One of the most famous festivals in Japan is the , "Gion Matsuri" that takes place in July at Kyoto. Other important festivals include, "Yuki Matsuri" (Sapporo Snow Festival) in February at Hokkaido and "O Shogatsu" (Japanese New year) celebrated from Dec 31 to Jan 4th.
In India, some of the popular festivals are "Diwali" (Festival of Lights), "Christmas", "Id" and many traditional festivals. At Bengaluru in India, people celebrate "Japan Habba" (Habba in Kannada language is Festival) during Jan - Feb, to strengthen and deepen the relationship between the people of Japan and India.


7. "MEISHIN" (Superstitions) 


Like every country, Most people in Japan and India too have ample beliefs in superstitions. Yes, superstitions prevail pretty much in each and every country but varies a lot according to the country. Here, let us have a look at some of the common beliefs in both India and Japan :


  

"Ohyakudo Mairi" - The ceremony of visiting a "Jinja" (Shrine) / "Otera" (Temple) to make a wish. People do this tradition in Japan when they need a prayer to be answered which is most common in India.

"Yoru Ni Tsume Wo Kitte Wo Ikenai" Don’t cut your nails at night, which is a traditional practice in India as it marks respect to the religious belief of Deities visiting one’s home. In Japan people believed "Akuryou" (evil spirits) would approach at these hours. Though the belief is same in both the countries, the reason differs.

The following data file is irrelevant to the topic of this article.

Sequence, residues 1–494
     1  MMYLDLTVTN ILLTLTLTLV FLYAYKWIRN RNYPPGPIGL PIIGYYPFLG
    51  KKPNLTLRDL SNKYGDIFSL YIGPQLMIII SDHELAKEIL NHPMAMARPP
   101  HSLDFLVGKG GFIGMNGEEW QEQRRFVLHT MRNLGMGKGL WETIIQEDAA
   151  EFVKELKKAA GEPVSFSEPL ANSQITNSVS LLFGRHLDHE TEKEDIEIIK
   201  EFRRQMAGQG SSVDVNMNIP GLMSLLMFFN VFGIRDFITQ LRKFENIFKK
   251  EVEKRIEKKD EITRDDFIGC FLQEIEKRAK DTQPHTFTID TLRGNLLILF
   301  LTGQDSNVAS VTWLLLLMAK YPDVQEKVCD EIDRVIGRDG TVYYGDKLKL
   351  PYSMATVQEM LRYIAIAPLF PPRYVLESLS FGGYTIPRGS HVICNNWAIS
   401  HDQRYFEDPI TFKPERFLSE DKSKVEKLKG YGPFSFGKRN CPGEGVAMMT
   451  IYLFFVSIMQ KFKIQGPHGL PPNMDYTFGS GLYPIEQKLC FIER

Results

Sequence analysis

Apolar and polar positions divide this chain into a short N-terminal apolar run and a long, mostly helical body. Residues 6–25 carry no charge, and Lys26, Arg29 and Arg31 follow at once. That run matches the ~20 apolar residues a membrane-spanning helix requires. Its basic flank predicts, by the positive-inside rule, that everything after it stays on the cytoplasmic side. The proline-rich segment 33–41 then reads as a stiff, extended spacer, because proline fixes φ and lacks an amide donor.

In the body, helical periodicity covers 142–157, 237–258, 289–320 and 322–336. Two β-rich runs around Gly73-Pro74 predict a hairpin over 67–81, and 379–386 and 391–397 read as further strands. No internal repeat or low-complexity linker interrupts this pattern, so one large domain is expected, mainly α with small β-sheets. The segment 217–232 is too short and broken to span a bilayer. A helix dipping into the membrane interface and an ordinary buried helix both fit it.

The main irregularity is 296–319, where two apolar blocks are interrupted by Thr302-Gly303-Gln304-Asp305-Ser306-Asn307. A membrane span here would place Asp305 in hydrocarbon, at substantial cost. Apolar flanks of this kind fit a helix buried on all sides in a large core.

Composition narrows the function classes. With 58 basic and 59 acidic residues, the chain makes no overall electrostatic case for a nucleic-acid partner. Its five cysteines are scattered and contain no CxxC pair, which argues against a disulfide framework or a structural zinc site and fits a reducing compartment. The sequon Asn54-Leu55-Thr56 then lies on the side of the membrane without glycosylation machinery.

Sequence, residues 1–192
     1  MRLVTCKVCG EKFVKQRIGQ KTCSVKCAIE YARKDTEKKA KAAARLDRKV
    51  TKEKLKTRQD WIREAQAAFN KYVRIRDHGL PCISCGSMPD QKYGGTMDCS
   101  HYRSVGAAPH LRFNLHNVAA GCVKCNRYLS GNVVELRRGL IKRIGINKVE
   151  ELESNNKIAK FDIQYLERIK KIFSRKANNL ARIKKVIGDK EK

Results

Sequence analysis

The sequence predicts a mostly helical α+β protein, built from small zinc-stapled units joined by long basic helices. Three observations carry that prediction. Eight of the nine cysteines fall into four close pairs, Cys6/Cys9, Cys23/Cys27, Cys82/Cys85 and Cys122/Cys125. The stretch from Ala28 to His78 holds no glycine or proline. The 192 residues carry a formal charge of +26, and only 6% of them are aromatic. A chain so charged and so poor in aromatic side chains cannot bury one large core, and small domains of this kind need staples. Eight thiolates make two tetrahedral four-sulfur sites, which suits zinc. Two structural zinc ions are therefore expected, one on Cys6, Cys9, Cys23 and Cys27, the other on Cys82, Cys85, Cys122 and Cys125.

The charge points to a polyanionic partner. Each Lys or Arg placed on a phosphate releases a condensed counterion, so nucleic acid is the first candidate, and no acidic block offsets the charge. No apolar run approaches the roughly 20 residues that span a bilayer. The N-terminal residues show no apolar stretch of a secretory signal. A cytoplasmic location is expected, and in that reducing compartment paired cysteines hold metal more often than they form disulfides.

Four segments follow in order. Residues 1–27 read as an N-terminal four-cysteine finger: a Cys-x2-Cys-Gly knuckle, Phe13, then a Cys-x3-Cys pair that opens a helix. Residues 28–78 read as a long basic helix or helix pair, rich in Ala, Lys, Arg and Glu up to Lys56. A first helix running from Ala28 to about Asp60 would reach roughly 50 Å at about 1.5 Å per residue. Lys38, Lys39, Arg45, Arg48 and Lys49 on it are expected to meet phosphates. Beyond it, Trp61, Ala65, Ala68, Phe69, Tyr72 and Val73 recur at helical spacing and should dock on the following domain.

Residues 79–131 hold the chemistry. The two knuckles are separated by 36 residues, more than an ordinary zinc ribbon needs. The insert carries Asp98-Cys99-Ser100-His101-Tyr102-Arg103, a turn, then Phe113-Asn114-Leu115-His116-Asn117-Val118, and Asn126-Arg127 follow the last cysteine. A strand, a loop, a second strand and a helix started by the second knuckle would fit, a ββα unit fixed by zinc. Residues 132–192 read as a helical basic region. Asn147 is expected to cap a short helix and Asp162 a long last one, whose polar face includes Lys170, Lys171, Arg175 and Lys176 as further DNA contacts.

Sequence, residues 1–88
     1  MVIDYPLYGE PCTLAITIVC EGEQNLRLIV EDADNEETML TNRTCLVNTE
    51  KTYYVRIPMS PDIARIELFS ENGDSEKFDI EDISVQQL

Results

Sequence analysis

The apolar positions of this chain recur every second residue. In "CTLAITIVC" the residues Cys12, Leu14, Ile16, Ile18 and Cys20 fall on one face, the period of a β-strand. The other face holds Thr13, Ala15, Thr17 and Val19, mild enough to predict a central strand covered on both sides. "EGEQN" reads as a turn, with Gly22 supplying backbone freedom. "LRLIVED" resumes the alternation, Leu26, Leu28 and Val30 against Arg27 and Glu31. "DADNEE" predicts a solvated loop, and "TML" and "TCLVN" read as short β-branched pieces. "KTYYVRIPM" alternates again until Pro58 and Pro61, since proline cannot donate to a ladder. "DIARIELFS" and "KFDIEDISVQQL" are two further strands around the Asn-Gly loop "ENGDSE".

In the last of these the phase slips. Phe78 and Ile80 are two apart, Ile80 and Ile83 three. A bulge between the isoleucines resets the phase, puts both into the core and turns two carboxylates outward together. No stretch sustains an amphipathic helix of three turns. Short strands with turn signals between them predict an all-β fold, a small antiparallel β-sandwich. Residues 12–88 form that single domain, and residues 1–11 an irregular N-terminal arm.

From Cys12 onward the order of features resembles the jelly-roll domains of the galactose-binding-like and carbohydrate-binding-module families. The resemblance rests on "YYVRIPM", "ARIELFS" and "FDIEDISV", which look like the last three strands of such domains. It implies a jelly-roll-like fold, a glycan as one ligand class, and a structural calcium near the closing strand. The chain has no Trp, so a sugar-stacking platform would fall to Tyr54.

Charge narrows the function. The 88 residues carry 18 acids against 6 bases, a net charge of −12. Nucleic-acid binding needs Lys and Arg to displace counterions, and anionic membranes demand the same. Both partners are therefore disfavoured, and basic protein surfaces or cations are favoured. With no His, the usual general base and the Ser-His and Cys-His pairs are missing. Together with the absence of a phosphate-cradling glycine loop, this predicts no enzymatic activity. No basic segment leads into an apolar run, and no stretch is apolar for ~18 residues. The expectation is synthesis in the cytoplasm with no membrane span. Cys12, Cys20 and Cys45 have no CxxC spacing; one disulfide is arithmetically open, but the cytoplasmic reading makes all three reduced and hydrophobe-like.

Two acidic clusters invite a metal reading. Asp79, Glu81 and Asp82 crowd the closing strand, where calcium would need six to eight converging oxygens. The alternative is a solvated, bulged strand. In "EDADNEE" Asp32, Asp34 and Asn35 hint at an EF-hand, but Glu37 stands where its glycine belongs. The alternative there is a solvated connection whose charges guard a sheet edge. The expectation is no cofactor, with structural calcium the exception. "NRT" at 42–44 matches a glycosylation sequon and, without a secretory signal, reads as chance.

Unlucky Numbers in Japan are number 4 and 9 as 4 represents "Shi" similar to the word death and 9 represents "Ku" similar to the word pain and suffering. Thus, gifts are presented in sets of 3 or 5 rather than 4. In India many people consider different numbers to be unlucky but as per numerology all numbers are lucky for us to adapt.

"Kita Makura" Don’t sleep facing North is practically followed in India stating that the magnetic pull of the planet and the iron in our blood causes disturbed sleep and health issues, while in Japan it is believed to bring bad luck for the person sleeping.


8. “SHUKYO” (Religion)


Kami (Diety) according to Japanese, influence the course of natural forces and human events. Japanese follow Shinto, Buddhism and Christianity while in India, being a Secular country, now many religions are followed variably. But Japan and India co relate with each other in many religious practices and beliefs in dieties. Innumerable local dieties are worshipped in Japan just like in India.





According to H.E. Mr. Yasukuni Enoki, the former Ambassador of Japan, “More than 80% of the Japanese Gods are originated from Indian Gods. And the culture of these two countries bind together in common.” The practice to light incense sticks in temples and homes are common among the people in Japan like in India.